Anxiety and Inflammation in Breast Cancer Survivors

Breast cancer survivors often have continuous psychological disorders such as anxiety and depression. Such mood problems may be caused by stress, and affect the quality of life (Pyter et al., 2017).

Neuroinflammation may have a critical role in the mood disorders among breast cancer survivors. Studies using mice models suggest that neuroinflammation including the genes Cd11b and Cxcl1 may be involved in the behavioral problems following mammary tumor removal (Pyter et al., 2017). The anxiety-like problems were observed together with certain central and peripheral immune biomarkers following tumor resection.

Continuous behavioral disorders such as anxiety in cancer survivors can be caused by the alterations in immune functions that continue to exist following tumor removal (Pyter et al., 2017). Such understanding may be helpful for improving cancer therapies and the effects on mental health and quality of life.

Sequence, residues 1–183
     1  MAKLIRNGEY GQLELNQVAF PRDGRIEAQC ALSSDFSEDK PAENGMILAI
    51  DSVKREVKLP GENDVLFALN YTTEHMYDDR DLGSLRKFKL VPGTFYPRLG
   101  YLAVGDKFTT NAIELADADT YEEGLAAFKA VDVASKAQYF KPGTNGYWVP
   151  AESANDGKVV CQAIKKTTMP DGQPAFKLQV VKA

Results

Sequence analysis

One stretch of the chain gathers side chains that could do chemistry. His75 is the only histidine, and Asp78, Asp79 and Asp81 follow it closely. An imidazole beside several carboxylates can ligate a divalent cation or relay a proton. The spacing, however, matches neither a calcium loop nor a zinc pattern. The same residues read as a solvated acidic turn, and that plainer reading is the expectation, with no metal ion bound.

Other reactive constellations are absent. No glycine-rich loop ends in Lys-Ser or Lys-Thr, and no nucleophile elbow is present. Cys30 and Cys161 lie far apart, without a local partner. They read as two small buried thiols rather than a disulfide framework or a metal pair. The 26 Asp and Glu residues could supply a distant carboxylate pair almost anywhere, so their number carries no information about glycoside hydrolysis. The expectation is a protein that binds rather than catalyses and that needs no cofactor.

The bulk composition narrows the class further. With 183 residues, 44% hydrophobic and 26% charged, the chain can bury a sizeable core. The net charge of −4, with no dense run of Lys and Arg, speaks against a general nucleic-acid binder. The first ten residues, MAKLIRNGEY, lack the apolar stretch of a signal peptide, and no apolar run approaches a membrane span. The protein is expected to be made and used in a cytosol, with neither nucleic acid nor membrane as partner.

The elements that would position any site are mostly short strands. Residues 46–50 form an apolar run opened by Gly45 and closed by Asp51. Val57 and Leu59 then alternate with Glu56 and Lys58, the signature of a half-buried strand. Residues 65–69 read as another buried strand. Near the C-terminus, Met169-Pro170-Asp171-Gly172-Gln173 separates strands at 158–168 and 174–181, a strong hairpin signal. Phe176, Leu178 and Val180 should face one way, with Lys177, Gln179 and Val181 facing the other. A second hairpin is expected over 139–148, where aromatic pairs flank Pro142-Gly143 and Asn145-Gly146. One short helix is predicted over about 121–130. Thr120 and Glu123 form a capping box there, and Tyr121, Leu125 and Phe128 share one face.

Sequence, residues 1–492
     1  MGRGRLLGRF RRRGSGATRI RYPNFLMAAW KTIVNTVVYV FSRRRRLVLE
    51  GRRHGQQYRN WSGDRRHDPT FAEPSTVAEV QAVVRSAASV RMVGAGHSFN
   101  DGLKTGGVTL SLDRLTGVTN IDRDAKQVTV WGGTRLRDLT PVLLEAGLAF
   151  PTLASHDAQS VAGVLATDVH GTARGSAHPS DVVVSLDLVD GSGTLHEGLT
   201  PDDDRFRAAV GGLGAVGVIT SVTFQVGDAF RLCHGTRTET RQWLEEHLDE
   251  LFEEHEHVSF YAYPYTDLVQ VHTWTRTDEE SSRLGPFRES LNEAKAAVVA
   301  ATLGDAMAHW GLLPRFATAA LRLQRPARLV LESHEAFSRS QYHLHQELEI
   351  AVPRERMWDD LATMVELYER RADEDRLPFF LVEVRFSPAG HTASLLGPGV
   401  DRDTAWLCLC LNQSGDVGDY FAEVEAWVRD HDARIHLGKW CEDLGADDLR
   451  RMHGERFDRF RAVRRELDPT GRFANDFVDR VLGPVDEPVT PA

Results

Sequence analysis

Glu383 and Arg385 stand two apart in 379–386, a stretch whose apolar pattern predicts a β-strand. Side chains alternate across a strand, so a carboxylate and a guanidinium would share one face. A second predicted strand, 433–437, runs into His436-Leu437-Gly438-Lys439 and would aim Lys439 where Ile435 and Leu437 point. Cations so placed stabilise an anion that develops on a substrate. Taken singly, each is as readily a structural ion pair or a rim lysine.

[Reference]

Pyter LM, Suarez-Kelly LP, Carson WE 3rd, Kaur J, Bellasario J, Bever SR. Novel rodent model of breast cancer survival with persistent anxiety-like behavior and inflammation. Behav Brain Res. 2017 May 4. pii: S0166-4328(17)30090-6. doi: 10.1016/j.bbr.2017.05.011.

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